Laser guns have been a staple of science fiction for decade
but in reality their use is generally restricted to sighting, ranging and targeting applications. But that is all set to change. For the first time an airborne laser (ABL) weapon mounted aboard a modified Boeing 747 has shot down a ballistic missile launched from an at-sea mobile launch platform off the central California coast.
The February 11 test was the first directed energy lethal intercept demonstration against a liquid-fuel boosting ballistic missile target from an airborne platform. It serves as a proof-of-concept demonstration for directed energy technology for the Missile Defense Agency. The test comes less than a year after a similar test that located, tracked and fired on a target missile. In that test a surrogate high-energy laser was used. That surrogate has now been replaced by a megawatt-class high-energy laser.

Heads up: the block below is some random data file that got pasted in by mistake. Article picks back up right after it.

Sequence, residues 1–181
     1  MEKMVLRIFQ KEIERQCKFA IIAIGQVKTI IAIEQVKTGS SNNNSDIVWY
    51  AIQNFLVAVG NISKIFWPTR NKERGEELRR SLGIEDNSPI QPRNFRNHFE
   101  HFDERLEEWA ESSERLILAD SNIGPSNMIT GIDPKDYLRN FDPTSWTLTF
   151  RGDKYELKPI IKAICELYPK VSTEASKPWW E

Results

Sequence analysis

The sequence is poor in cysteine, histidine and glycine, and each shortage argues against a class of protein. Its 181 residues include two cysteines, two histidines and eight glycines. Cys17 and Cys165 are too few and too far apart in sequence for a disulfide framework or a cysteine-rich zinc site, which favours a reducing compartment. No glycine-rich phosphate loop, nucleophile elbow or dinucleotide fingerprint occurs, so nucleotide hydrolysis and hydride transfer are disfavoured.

The latest test involved launching a short-range threat-representative ballistic missile from an at-sea mobile launch platform. Within seconds, the Airborne Laser Testbed (ALTB) used onboard sensors to detect the boosting missile and used a low-energy laser to track the target. The ALTB then fired a second low-energy laser to measure and compensate for atmospheric disturbance. Finally, the ALTB fired its megawatt-class High Energy Laser, heating the boosting ballistic missile to critical structural failure. The entire engagement occurred within two minutes of the target missile launch, while its rocket motors were still thrusting.
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